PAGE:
Jeff Fisher gets contract extension, but lots of questions remain

Rams Coach Jeff Fisher watches his players warm up before a game against the Patriots at Gillette Stadium on Sunday.
(Wally Skalij / Los Angeles Times)

Rams Coach Jeff Fisher said he wasn’t going to put up with that 7-9 B.S.

Suddenly, that B.S. stands for best scenario.

The 4-8 Rams theoretically could finish 8-8, but who thinks they’re going to run the table in the last quarter of the season? And even if they did, just as they surged at the end last season, how much would it matter?

In the final four games, the Rams face a pair of division leaders, Atlanta and Seattle, before the relatively soft landing of home games against San Francisco and Arizona.


After Sunday’s 26-10 loss at New England, the Rams were guaranteed their 13th consecutive non-winning season.

For Rams fans, the day started with a gut punch, when the awkward news broke that the club had given Fisher a reported two-year contract extension. The franchise gave a similar extension to General Manager Les Snead.

That revelation triggered a Twitter tornado. How could a 4-7 team that’s looking to maintain momentum in Los Angeles have the audacity to extend a coach who in the last four seasons has finished 7-8-1, 7-9, 6-10 and 7-9?

It’s unclear who leaked the information and why now. A conspiracy theorist might point to a coach trying anything and everything to save his hide, but Fisher said Sunday he had no idea who spilled the beans.

Should the Rams be eyeing hot-handed offensive coaches — and with No. 1 pick Jared Goff, it makes sense they would be — they’re getting an up-close-and-personal refresher. Former Rams assistant Josh McDaniels is offensive coordinator of the Patriots, and Kyle Shanahan is coming to the Coliseum next Sunday with the Falcons.

Fisher revealed in his postgame news conference that in fact his contract was completed months ago, something the Rams had repeatedly denied.

“This was done well before the season started,” he said. “It was done well before we had 90,000 people in the Coliseum for our first preseason game.”

Turns out, the Rams were determined to do this no matter what happened this season. Then they stayed mum, for obvious reasons in the wake of the 28-0 loss to San Francisco in the opener (the 49ers’ only win to date), but also through the three-game winning streak that followed.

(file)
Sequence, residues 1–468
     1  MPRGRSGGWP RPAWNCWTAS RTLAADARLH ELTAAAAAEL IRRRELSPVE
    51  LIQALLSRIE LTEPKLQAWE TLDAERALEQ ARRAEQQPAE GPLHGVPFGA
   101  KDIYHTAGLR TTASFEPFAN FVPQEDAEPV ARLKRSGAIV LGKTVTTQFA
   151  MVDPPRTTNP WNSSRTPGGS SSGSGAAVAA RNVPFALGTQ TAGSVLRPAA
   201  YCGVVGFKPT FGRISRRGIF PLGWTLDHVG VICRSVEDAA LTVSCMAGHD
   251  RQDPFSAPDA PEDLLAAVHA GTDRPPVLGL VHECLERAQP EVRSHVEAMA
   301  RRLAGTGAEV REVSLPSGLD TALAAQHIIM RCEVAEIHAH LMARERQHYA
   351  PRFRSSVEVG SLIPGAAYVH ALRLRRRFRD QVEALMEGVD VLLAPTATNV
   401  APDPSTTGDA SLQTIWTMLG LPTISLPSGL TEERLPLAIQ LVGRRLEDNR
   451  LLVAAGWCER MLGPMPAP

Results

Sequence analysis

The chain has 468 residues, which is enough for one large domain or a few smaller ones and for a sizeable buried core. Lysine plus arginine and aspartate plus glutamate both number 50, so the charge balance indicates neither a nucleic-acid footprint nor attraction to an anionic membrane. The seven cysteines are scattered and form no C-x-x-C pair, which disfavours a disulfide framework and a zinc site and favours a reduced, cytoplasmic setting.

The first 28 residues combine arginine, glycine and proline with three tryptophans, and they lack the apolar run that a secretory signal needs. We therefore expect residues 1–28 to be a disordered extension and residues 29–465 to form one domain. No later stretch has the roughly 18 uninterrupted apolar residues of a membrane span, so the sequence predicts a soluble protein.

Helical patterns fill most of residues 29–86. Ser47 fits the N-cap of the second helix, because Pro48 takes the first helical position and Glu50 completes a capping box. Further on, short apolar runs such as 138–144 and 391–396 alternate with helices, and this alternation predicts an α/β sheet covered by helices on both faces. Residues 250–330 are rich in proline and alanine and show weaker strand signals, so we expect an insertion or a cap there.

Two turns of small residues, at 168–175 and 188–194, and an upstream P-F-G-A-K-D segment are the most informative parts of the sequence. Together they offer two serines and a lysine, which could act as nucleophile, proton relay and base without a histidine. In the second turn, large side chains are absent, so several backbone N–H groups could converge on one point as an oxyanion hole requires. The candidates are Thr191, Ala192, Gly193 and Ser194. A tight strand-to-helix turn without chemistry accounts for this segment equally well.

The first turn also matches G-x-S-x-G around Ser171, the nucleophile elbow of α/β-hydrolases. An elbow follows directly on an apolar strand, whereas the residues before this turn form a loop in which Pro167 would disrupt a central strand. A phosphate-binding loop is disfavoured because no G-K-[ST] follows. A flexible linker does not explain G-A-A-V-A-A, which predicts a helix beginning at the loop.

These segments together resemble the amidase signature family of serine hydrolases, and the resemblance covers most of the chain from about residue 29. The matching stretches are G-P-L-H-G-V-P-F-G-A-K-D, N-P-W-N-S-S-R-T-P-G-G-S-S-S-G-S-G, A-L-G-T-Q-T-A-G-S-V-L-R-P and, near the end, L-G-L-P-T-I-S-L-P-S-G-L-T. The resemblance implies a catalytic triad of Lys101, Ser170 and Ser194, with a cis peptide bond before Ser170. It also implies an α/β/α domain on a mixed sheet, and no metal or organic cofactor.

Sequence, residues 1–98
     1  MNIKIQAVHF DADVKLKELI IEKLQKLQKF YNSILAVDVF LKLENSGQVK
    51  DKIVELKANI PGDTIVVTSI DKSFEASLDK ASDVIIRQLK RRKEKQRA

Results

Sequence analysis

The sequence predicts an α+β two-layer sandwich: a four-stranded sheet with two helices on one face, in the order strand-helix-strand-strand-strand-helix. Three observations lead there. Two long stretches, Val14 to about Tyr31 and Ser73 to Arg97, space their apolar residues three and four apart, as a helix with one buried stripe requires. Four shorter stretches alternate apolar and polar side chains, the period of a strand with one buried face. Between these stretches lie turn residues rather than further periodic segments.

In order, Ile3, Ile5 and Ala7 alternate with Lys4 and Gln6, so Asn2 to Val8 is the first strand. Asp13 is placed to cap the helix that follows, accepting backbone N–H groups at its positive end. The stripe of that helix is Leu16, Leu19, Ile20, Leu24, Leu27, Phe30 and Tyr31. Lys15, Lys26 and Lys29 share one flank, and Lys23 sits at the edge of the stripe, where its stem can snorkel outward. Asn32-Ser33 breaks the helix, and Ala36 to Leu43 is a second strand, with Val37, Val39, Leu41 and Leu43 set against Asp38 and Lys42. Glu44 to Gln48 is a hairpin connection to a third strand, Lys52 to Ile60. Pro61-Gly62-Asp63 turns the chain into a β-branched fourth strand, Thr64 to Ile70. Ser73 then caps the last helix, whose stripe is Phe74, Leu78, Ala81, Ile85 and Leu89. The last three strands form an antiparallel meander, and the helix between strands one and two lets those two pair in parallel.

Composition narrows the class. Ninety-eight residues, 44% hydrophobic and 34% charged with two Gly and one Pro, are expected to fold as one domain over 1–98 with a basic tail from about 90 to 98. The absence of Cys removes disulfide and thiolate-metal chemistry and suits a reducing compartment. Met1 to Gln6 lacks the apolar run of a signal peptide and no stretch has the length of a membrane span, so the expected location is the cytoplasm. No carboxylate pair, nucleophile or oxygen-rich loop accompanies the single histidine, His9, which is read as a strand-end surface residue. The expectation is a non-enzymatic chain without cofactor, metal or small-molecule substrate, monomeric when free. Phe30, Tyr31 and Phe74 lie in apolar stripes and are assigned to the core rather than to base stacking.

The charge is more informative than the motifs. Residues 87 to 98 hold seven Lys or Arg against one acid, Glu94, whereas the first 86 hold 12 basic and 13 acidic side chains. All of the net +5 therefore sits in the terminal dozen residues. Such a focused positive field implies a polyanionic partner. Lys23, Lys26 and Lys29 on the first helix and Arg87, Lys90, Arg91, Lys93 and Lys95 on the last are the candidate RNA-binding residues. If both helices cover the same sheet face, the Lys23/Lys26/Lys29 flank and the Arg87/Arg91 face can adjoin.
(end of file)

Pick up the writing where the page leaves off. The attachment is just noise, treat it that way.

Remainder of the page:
The Rams didn’t even announce the extension at Sunday’s game, only sheepishly confirming it as if it were checking off on a bit of injury news.

“It’s out of my hands,” Fisher said when asked why the club didn’t announce the deal when it was done. “I don’t know. We had a lot going on this off-season, lot of stuff going on. It’s not my place to make that announcement.”

Bizarre? You bet your backward baseball cap.

On a day when Patriots quarterback Tom Brady made NFL history by winning his 201st game, thereby breaking a first-place tie with Peyton Manning, Fisher took another step toward a bit of history himself.

With 164 defeats, Fisher is one loss away from tying Dan Reeves for the most losses in league history, and, if he survives the season and doesn’t finish 4-0, the Rams leader will be the first NFL coach to keep his job after five losing seasons in a row.

Not only that, but legendary running back Eric Dickerson said last week he won’t attend another Rams game as long as Fisher is the coach. Not what the franchise needs as it’s trying to reconnect with its nostalgic roots.

Multiple times after Sunday’s game, Fisher made reference to all the Rams went through during their off-season relocation. The sell-by date on that excuse has long since expired. Yes, such moves are surely trying, but then again, the relocation came with a significant benefit that every other team would love to have — the Rams got to live together in a hotel and bond while sorting through their housing arrangements. It’s too late to point to that as a reason for the season going south.

Just because Fisher has an extension doesn’t mean he’s guaranteed to be the coach for the next two seasons. He could be fired at any time, with Rams owner Stan Kroenke paying off the remainder of a deal that currently pays the coach about $6.5 million per year.

“I truly understand that the wins and losses fall on my shoulders,” Fisher said. “That’s the fact of our business, and I get that. And I’m not looking over my shoulder.”

In that sense, Fisher won Sunday. Yet again, his team did not.